For a couple of weeks each spring, a pair of blue birds perch on the fence outside my office window, and for about a week a flock of transient robins heading up to Georgia and North Carolina take a rest in our oaks. But the sassy fox squirrels scurry around all year long from limb to limb among the same trees in the side yard, dashing in circles, screeching to a halt, then doing a full back flip for no apparent reason I can discern.
Four months of the year the same kestrel waits atop the lightening rod at the corner of the fence scouring the field for his moveable feast. There are wrens and sparrows and finches and fly-catchers, and swifts, and ospreys, hawks, doves, crows, majestic giant blue herons, and an occasional bald eagle.
Down the road at the next farm, Tim Shepherd has a flock of peacocks he brought up decades ago from Key West at the behest of old CW Cone, the now deceased rancher who built the house we now occupy. Sometimes the gauche colored peacocks perch in the oak that the hurricane brought down two years back. Like sentinels they roam daily up and down the road warning us of every passing truck they think is invading their territory, and their piercing call sounds ever so much like a small child screaming, “heeeelllp! Helllp!”
A few years ago such a call would have startled me, and the morning birds would have interrupted my sleep. Now I find all this background noise quite pleasant, whether it is Scrappy the rooster heralding the sun, the horse across the pond whinnying for oats, the braying donkey supposedly scaring away the coyotes, or the steady lowing of cattle from all directions.
On summer nights I may hear a hoot owl or the coyotes’ call from the clump of trees atop the hill that was a battle field in the Seminole wars. When we walk beyond the pasture into the trees, we find the bare-bone remains of a calf that a pack of coyotes managed to separate from its mother. Death is all around us here, but it’s expected.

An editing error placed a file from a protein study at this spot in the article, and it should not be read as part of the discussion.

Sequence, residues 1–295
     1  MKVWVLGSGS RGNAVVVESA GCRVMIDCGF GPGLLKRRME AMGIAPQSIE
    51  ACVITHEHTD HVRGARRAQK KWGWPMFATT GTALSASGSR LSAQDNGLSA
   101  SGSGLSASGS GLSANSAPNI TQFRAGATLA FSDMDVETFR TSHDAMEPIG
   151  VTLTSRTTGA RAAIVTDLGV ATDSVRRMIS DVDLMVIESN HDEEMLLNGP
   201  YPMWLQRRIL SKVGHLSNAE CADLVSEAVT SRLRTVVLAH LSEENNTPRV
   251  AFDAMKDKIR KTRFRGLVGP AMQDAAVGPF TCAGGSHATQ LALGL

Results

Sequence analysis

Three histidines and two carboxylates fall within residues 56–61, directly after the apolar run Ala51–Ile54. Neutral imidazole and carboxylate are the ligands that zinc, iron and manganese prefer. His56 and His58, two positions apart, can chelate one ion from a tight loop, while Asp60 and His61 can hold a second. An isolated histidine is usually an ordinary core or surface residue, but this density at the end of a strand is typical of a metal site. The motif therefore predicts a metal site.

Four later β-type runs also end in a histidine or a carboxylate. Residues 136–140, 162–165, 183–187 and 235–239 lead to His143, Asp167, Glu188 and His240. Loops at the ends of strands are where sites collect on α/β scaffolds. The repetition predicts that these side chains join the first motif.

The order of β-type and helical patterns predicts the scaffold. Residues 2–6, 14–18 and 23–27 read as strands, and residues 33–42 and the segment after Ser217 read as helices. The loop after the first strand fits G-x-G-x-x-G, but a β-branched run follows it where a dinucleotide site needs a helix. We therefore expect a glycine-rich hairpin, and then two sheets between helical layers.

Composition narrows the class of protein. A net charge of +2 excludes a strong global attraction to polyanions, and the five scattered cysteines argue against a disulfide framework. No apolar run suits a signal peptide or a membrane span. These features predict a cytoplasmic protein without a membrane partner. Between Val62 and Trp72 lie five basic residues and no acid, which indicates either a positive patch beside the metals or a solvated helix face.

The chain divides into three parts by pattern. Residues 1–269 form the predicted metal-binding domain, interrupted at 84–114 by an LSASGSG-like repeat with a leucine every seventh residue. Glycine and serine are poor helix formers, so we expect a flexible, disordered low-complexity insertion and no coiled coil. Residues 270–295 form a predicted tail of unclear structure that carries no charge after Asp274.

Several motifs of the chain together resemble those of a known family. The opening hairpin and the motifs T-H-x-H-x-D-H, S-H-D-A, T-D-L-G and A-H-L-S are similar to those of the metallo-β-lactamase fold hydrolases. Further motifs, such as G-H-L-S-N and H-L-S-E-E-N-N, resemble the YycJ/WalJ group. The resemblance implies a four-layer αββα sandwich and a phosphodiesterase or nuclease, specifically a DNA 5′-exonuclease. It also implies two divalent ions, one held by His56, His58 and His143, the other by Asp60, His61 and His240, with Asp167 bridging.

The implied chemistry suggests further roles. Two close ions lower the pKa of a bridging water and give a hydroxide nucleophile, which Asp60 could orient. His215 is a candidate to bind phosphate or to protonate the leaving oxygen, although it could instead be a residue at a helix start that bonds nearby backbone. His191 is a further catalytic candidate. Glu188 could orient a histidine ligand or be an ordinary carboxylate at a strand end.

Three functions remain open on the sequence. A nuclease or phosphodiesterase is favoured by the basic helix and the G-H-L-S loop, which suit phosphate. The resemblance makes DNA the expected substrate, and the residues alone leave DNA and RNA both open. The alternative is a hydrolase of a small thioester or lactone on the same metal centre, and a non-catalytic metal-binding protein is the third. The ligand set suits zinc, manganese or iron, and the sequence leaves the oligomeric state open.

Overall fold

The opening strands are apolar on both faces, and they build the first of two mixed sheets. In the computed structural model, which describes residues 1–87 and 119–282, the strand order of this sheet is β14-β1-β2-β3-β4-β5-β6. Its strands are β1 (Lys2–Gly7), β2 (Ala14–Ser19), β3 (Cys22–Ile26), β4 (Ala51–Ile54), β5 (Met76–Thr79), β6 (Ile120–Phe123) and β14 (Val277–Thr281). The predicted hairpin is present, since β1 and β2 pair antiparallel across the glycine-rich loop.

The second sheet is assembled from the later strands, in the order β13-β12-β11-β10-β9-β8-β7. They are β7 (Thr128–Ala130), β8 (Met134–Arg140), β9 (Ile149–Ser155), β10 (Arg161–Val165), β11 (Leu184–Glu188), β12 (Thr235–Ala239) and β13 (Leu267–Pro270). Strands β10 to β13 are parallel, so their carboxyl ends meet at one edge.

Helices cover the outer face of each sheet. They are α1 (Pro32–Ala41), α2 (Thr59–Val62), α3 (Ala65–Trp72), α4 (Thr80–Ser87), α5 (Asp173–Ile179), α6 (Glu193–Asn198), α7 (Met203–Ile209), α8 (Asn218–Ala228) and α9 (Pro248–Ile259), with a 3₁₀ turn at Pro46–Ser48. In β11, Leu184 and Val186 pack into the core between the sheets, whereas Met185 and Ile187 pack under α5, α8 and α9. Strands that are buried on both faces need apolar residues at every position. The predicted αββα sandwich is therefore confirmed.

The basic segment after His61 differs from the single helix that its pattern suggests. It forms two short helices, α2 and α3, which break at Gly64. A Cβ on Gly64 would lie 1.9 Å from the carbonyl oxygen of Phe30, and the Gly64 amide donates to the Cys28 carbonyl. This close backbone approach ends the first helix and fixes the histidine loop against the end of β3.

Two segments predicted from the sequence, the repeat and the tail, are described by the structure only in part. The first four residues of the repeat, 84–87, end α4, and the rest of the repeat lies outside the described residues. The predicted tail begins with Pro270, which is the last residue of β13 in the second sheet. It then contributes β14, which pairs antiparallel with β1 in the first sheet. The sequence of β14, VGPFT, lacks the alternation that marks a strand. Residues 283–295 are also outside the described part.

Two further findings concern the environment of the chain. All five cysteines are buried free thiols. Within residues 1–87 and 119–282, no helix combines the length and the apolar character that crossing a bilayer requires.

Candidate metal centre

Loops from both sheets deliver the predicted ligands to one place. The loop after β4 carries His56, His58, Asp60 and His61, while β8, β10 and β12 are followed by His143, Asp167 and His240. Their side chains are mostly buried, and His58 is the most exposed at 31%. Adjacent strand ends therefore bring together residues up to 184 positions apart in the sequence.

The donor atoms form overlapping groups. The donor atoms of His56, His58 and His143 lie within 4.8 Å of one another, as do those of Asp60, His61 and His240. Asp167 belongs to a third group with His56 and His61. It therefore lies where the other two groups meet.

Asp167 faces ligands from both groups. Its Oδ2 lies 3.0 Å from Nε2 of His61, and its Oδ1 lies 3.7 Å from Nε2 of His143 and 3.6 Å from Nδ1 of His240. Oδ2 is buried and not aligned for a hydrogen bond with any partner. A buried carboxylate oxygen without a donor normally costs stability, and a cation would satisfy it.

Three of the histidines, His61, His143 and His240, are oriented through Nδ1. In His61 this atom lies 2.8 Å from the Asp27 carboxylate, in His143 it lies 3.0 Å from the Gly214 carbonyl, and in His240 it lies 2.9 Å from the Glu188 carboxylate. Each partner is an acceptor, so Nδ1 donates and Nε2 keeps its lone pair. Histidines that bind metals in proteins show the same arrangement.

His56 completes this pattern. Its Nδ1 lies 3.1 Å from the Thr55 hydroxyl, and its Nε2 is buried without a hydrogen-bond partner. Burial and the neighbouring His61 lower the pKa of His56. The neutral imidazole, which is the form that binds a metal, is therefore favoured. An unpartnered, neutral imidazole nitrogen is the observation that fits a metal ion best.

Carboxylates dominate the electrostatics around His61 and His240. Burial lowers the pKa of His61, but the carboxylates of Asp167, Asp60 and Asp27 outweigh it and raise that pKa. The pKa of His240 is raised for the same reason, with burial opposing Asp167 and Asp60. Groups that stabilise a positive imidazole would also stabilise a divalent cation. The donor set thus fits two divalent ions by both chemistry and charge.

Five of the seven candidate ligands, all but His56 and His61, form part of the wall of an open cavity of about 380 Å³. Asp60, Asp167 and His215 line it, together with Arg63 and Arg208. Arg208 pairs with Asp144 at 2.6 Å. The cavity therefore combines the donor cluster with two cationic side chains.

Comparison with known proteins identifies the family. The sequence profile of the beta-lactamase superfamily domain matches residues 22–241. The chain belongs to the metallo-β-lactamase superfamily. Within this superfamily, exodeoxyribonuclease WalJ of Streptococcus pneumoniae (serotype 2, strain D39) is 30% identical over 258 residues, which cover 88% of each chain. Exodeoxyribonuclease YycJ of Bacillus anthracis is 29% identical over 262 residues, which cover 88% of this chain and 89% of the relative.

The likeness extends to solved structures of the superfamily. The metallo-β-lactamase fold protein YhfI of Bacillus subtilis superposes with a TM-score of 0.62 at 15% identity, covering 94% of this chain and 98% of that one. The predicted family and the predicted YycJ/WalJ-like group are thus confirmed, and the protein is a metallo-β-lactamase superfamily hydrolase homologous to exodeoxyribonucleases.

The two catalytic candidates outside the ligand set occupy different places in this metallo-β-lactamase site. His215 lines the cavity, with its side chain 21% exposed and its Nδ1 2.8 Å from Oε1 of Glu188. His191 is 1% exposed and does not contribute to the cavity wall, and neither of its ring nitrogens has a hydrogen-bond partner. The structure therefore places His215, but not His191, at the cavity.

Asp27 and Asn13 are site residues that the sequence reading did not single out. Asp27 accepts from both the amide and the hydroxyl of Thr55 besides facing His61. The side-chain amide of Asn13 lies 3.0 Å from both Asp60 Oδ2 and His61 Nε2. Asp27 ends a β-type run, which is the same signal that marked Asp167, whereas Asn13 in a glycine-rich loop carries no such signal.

I have come to like the people, the small town people who have lived here for generations, good Christian country folk with roots, folks whose families have farmed or raised livestock here. They share each other’s pain and loss. They know everything I do through some network of communion from which I am mostly excluded. I never see them looking because when I am outside, my eyes are focused on the earth.
I suppose they notice what the “professor” is doing with CW’s old house as they rumble by in their pickups. For the first three years, they probably expected me to give up doing for myself, thinking I would hire someone to work for me, the way CW did. They are more cordial now that I bought a used tractor, a twenty-year-old pickup, built new fences, fixed the old pump to irrigate the garden, and constructed a chicken coop that has withstood two hurricanes.
I know that Frank’s wife is on chemo again. I know that Richard who sells the fruit trees at Hawkins’ Corner is recovering nicely from his by-pass surgery, that Janice is adjusting to the death of her husband James who got lung cancer from working in the mines, that Ken’s wife is doing better with her kidney stones. Ken, who is my age, is starting to become aware that his arms aren’t as well muscled as they were just a couple of years ago—we sometimes compare scars from football surgeries. But he still works twelve-hour days in the fields, on his tractors, or tending his cattle.
Surrounded by so much life and by death, I think of my brother William in the next world and wonder.